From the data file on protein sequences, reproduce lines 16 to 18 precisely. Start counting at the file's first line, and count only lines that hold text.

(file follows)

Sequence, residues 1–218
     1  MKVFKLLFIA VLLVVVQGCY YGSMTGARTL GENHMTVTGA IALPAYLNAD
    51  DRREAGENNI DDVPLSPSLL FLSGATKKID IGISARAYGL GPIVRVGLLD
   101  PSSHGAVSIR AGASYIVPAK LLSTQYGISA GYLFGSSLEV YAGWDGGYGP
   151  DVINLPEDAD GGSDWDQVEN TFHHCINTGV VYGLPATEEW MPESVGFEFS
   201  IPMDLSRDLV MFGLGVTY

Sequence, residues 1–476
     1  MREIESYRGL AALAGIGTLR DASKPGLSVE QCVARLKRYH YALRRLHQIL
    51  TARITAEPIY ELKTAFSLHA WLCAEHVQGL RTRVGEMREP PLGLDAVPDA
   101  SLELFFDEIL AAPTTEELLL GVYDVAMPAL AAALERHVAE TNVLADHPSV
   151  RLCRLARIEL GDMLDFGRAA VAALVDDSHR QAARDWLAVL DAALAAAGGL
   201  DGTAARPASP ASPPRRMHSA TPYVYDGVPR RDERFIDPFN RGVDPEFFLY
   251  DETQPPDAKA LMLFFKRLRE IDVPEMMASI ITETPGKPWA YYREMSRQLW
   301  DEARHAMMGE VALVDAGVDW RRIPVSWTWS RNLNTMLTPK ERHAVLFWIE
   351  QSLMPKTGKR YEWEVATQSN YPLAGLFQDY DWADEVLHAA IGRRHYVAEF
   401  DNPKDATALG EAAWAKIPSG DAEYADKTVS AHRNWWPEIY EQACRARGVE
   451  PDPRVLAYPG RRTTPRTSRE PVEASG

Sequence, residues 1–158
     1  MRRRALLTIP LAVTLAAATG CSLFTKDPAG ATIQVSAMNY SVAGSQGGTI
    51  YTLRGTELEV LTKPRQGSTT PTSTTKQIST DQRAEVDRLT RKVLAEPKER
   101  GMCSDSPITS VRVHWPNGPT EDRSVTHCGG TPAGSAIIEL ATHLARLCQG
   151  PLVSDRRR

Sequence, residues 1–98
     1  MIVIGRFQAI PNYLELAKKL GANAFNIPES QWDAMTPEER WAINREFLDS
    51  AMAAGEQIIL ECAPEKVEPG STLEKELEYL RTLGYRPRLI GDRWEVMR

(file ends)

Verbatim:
   401  DNPKDATALG EAAWAKIPSG DAEYADKTVS AHRNWWPEIY EQACRARGVE
   451  PDPRVLAYPG RRTTPRTSRE PVEASG

Sequence, residues 1–158